• The recurring_type_id would be “monthly”.
    • The separation_count would be “2”.
    • The day_of_month would be “11”.
    • All remaining columns would be null.

    In the above example, we assume that the user is creating the quarterly result projection in January. Please note that this separation logic will start counting from the month, week, or day when the event is created.

    On similar lines, half-yearly events can be logged as monthly events with a separation_count of “5”.

    Monthly Recurrence

    Yearly Recurrence

    Yearly recurrence is quite straightforward. We have columns for particular days of the week and the month, so we only require one additional column for the month of year. We’ve named this column month_of_year.

    Yearly Recurrence

    Handling Exceptions of Recurring Events

    Now let’s come to the exceptions. What if a particular instance of a recurring event is cancelled or rescheduled? All such instances are logged separately in the event_instance_exception table.

    Let’s take a look at two columns, Is_rescheduled and is_cancelled. These columns signify whether this instance is rescheduled to some later date/ time or cancelled altogether. Why do I have two separate columns for this? Well, just think about events which were first rescheduled and then later completely cancelled. This happens, and we have a way of recording it with these columns.

    Aside from these two columns, all remaining columns act the same as in the event table.

    Table event_instance_exception in Vertabelo

    Why link two events by means of parent_event_id?

    There are applications which allow users to reschedule all future instances of a recurring event. In such cases, we have two options. We can store all future instances in event_instance_exception (hint: not an acceptable solution). Or we can create a new event with new date/time parameters in the event table and link it with its earlier event (the parent event) by means of the id_parent_event column.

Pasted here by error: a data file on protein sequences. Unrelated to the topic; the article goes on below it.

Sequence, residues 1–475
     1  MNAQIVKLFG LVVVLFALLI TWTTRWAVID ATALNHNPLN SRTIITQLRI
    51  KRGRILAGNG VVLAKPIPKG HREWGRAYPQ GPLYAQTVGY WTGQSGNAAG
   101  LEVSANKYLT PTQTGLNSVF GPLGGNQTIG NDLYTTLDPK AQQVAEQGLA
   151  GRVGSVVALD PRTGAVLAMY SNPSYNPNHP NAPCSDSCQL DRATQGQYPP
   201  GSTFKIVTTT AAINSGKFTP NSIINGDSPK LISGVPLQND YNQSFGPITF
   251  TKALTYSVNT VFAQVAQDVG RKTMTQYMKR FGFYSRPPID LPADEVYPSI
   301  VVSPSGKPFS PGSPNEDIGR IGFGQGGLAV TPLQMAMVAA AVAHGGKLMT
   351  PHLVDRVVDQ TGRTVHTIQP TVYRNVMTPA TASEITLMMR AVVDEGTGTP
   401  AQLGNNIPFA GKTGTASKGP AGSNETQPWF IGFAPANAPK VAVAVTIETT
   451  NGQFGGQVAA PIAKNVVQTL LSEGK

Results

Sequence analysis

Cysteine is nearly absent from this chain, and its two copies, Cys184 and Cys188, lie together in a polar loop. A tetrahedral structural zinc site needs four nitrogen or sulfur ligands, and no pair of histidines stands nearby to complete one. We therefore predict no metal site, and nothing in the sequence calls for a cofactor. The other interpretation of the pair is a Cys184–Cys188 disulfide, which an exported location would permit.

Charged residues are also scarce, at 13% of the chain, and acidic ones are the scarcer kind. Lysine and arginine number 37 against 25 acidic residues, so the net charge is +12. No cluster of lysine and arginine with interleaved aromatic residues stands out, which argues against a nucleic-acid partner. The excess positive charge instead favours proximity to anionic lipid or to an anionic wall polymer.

With this solution, we can get all past occurrences of an event, even when its recurrence pattern has been changed.

    How to Improve Recurring Event Handling?

    There are some more complex areas around recurring events that we haven’t discussed. Here are two:

    • Events that occur on holidays. When a particular instance of an event occurs on a public holiday, should it be automatically moved to the working day immediately following the holiday? Or should it be automatically cancelled? In what circumstances would either of these apply?
    • Conflicts between events. What if certain events (that are mutually exclusive) fall on the same day?

    What changes do we need to make in order to build in these capabilities? Please tell us your views in the comments section.